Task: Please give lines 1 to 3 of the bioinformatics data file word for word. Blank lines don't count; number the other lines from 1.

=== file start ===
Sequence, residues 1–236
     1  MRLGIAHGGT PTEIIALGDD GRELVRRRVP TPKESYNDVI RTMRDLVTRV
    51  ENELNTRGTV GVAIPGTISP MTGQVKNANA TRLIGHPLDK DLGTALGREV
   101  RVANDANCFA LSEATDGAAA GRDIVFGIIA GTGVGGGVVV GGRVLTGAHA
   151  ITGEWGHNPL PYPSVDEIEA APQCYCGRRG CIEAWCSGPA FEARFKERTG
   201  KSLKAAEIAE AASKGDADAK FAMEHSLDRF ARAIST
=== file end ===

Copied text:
Sequence, residues 1–236
     1  MRLGIAHGGT PTEIIALGDD GRELVRRRVP TPKESYNDVI RTMRDLVTRV
    51  ENELNTRGTV GVAIPGTISP MTGQVKNANA TRLIGHPLDK DLGTALGREV